Burning Paradise by Robert Charles Wilson

Burning Paradise - Robert Charles Wilson

Imagine you are an orphan, your parents part of a small but worldwide group investigating an alien presence that appears to be manipulating humanity for unknown reasons, and they were murdered in order to keep that knowledge secret.


You may have the means and opportunity to destroy the entity responsible - would you?


Now imagine that other than your parents and their group, the alien presence has been essentially benevolent. It's been subtly adjusting humanity by manipulating our communications to make us more peaceful since the dawn of radiocommunications. An inflammatory word missing from a news report here. The news anchor given a sympathetic mien there. Nothing dramatic in isolation for the majority, but a totality that has resulted in no major wars since The Great War of 1914-1918. The world carries on as usual otherwise.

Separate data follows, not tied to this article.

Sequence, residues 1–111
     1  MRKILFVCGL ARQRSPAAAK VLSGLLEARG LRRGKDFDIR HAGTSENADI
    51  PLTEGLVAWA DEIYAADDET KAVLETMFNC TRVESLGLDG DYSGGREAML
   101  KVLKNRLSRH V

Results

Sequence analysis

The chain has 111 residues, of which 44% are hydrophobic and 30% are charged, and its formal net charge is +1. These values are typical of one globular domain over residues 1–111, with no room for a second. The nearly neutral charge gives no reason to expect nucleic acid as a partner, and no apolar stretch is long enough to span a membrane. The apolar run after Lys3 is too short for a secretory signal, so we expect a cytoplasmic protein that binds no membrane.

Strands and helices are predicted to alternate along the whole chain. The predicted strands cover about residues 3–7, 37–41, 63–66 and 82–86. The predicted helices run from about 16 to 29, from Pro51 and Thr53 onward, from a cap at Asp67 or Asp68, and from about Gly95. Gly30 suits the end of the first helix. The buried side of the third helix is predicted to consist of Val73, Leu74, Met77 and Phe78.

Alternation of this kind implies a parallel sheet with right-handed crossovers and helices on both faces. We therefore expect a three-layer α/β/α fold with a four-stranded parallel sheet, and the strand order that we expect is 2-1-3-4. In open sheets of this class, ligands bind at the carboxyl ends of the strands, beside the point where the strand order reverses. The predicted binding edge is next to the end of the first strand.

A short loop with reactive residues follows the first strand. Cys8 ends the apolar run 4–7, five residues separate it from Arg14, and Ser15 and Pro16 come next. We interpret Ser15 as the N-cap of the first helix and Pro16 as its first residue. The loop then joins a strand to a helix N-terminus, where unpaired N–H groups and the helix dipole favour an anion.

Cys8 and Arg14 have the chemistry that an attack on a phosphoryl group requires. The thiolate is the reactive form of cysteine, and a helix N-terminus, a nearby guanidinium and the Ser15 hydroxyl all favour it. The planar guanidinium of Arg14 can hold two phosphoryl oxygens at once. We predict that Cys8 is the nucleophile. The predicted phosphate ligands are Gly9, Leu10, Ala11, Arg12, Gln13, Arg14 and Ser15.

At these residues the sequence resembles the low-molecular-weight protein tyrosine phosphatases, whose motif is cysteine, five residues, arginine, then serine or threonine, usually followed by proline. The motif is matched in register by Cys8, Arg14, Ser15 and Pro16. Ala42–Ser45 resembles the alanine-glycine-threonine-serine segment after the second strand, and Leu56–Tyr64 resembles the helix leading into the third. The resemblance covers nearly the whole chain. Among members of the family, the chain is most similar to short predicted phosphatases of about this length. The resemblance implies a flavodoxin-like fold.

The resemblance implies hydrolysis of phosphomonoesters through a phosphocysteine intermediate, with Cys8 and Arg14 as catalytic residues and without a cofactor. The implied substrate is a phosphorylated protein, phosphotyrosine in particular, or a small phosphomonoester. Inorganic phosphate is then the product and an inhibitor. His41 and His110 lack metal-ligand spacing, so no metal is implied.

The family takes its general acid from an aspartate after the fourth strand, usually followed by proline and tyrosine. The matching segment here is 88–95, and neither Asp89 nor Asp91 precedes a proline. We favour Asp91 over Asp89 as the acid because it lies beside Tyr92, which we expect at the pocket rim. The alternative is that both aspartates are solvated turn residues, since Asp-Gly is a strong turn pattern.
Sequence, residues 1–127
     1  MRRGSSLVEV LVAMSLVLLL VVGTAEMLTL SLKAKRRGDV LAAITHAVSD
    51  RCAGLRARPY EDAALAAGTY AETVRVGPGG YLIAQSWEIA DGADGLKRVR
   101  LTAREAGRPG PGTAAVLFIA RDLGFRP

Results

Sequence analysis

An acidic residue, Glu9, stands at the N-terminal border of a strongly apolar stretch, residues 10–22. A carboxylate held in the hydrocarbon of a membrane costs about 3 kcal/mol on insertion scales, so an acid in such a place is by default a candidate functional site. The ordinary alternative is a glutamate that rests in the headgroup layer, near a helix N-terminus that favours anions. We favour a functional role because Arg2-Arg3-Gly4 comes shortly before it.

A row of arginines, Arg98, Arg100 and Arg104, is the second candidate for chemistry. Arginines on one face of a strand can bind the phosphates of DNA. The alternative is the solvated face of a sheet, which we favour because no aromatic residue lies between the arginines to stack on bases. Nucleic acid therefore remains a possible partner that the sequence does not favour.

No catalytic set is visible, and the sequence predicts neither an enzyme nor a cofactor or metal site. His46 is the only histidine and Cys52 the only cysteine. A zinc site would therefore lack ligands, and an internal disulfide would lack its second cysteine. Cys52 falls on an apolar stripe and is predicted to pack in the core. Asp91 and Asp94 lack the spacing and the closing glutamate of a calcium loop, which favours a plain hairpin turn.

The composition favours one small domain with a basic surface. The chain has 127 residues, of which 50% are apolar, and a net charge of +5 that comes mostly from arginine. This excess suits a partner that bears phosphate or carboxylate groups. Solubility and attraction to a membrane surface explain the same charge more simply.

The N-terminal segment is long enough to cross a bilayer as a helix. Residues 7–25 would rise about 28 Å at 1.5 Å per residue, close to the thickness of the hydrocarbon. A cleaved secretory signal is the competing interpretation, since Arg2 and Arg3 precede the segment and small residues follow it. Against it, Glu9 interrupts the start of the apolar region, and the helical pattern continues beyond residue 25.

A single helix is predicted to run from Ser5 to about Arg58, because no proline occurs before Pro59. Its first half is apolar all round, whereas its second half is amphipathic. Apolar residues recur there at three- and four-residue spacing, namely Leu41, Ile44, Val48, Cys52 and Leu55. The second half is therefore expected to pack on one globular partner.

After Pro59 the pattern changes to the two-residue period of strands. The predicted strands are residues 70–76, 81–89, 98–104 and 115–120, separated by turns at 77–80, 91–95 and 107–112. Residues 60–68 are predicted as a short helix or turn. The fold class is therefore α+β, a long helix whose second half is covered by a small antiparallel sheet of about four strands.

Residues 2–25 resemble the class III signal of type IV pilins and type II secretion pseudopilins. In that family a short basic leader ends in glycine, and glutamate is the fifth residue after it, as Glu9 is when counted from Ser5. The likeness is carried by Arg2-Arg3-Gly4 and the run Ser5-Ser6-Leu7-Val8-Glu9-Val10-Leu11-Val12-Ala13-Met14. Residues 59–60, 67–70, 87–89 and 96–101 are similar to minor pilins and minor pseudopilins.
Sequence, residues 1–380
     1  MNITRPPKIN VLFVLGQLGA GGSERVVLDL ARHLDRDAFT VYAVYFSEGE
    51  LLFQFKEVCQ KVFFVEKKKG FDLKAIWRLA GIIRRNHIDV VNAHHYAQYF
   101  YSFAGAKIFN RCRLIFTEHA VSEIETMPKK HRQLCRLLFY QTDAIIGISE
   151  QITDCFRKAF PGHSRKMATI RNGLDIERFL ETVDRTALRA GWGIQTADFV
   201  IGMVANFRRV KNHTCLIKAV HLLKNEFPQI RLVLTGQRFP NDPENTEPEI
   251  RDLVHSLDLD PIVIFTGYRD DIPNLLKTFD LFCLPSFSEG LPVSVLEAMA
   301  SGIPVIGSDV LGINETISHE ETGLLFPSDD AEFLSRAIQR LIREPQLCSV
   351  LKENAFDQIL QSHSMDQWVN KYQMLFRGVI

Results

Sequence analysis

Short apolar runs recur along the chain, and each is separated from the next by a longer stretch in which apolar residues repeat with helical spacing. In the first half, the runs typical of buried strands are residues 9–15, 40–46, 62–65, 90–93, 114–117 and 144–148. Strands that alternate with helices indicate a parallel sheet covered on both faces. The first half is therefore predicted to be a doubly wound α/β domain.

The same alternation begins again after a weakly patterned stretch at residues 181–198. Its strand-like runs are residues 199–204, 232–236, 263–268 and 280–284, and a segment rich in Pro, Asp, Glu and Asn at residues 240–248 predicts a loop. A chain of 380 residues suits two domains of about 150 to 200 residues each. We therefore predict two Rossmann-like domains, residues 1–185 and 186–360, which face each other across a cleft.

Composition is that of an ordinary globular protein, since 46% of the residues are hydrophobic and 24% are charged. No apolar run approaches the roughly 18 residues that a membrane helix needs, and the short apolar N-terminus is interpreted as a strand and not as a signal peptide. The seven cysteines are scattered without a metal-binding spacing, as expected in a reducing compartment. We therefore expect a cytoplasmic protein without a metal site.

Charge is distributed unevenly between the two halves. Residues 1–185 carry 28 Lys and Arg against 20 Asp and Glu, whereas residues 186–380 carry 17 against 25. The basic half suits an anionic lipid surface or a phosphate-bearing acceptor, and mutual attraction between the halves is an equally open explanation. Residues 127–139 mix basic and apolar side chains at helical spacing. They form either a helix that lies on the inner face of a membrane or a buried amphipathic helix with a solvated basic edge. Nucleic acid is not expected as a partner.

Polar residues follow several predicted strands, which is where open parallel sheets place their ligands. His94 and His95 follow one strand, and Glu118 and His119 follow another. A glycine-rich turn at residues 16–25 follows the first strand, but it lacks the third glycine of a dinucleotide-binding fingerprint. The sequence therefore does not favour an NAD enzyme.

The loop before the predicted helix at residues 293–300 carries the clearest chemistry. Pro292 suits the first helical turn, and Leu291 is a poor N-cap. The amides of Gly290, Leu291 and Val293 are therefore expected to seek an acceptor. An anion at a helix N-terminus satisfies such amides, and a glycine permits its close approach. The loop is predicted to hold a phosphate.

Would you still attempt to destroy it, knowing the consequences?


This is the big idea at the centre of this novel, and it's certainly a "big idea", but the story itself is centred on it's characters, primarily the main character Cassie, 19 years old and on the run with her younger brother. I very much liked the big idea here: How can an act of revenge take precedence over the fate of the world? Under what extenuating circumstances could that be justified?


I also liked the writing. Robert Charles Wilson writes like a modern thriller writer, there's a sort of no-nonsense sense of urgency, a get to the pointless and general lack of fluff that suits me. I find his books fairly fast and easy reads.


Unfortunately I wasn't overly enamoured of the lead character, and I found her a little too passive for a lot of the time. Odd considering the first couple of chapters revolve around her jumping into action, going on the run when she realises her own life and that of her young brother are in danger, but once she's met up with an ally or two, she just lets go of the reins and lets others decide what's going on, and what happens next. Even more, she doesn't seem to have much of an opinion about any of what's going on, taking everything she's told on faith and not questioning it. So by the end of the book when she suddenly decides to pick up those reins again and the entire fate of the world is resting on her shoulders, it's a little hard to believe.


Still, it's not a bad book at all.